2016 Outstanding Board superintendents. He says the committee was impressed by the board’s focused support for educational improvement projects, for school transformation initiatives and for improving academic performance. The committee also noted the board’s commitment to a code of ethics and to ensuring that every step taken was for the students. “What set Lancaster ISD apart from the other finalists was the tremendous obstacles they have overcome, and how that turnaround would not have been possible without the full commitment of each board member,” says Ealy. He also offers accolades to the four other finalists for their good governance and working together on behalf of all students. The 2016 Honor Boards are Denver City ISD, Region 17; Eagle Mountain-Saginaw ISD, Region 11; Robstown ISD, Region 2; and Schertz-Cibolo-Universal City, Region 20. The Outstanding Board and Honor Boards were recognized on Sept. 24 at the TASA/TASB Convention in Houston. “Other school districts have faced similar obstacles, but Lancaster was able to overcome them,” Ealy says. “They did so because the board members did what it took to make needed changes, including hiring a strong superintendent leader.” Starting about five years ago, the board reached a mutual understanding of the need to make changes and demonstrate its commitment to making improvements. “We knew we needed more stability and a clear vision,” says board President Ty G. Jones. This awareness led to a laser focus on student achievement. Now, when the board examines the budget, the trustees are guided by what “touches our students,” Jones says. “The majority of our budget — 80 percent — goes toward students.” To reach this goal, Jones, who joined became a trustee in 2011, knew the board needed to align itself with the district’s Vision 2020. Trustee retreats were organized to do this visioning work. These retreats also gave the board an opportunity to understand how each member perceives the issues and how they can work together more effectively. “The board members had a conversation about how to treat each other,” says Superintendent Michael McFarland.
“They’re really committed to behaving in ways to alleviate some of the unnecessary disagreements.” Adds Jones: “We follow the three Rs on the board — reading, which ties into us being as knowledgeable as we can; relational capacity, so that we act as one unit, one family; and reflection, where we consistently reflect on whether it’s working and make changes as we progress.” The board also began soliciting feedback from parents about what they want their children to know — and skills they want their children to acquire — by the time they graduate from high school. More focus also was placed on external communication campaigns to ensure all stakeholders understand what the school board and district as a whole are doing to improve student achievement. “No one can tell our story better than we can,” says Jones. And it’s a story worth telling. Lancaster ISD has gained firm financial footing, has seen improvement in math and science scores on assessments, and experienced enrollment growth. “People are moving back to the district,” says Jones, noting that Lancaster ISD is now ranked near the top in the region. The board has been invited to present its success story at regional summer leadership academies; at the National School Board Association in Boston, Mass.; at a National Alliance of Black School Educators meeting; and at TASA state conferences for the past three years. To develop student interest in math and science, the superintendent and board have built partnerships with local industry, such as Texas Instruments. McFarland points out it’s not as much about grooming future engineers as it is about training students to “think critically, like engineers.” Toward that end, K-12 teachers are incorporating group problem-solving and project-based learning into their lesson plans. “This changes the entire instructional framework,” says McFarland. “We want to demystify the field. What we’re doing is about ensuring students leave with more than a high school diploma, so they can have self-sustaining success.” The district also now provides math and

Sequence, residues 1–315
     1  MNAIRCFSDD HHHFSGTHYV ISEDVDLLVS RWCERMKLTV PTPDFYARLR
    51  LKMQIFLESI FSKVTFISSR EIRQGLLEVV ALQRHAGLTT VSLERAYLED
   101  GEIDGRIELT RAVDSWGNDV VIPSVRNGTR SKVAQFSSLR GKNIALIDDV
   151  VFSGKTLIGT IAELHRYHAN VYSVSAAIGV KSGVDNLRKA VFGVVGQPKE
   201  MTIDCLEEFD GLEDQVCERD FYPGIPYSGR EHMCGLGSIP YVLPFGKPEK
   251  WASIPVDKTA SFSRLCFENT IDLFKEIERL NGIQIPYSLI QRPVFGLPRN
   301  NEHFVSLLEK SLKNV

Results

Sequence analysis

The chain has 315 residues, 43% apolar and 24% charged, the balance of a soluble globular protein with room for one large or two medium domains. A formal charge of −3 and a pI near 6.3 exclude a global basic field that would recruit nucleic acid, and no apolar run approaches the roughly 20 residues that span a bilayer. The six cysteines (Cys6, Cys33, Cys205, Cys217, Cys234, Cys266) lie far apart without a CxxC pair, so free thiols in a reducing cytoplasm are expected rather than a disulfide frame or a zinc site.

'What set Lancaster ISD apart from the other finalists was the tremendous obstacles they have overcome, and how that turnaround would not have been possible without the full commitment of each board member.' science teachers with tuition to earn a master’s degree from the University of North Texas. “It’s a retention tool,” explains McFarland. In turn, the district can leverage those teachers to offer professional development to their colleagues. Despite the district’s progress and success, Ealy notes the board’s humility. “While the team of eight was proud of their accomplishments and the lengths they have come in the past seven years, they were resolute that they still have more work to do,” he says. Adds Superintendent McFarland, who nominated his board for the award: “When we can work together, regardless of the challenges we face, we can accomplish great things.” Since 1971, TASA has recognized Texas school boards that demonstrate dedication to student achievement and put students first. Each year, during the convention, committee members interview the finalists. Criteria for selection include support for educational performance, support for educational improvement projects, commitment to a code of ethics, and maintenance of harmonious and supportive relationships among board members. MERRI ROSENBERG is a former freelance education columnist and reporter for The New York Times. She covers education for national and regional publications.
Texas School Business NOVEMBER/DECEMBER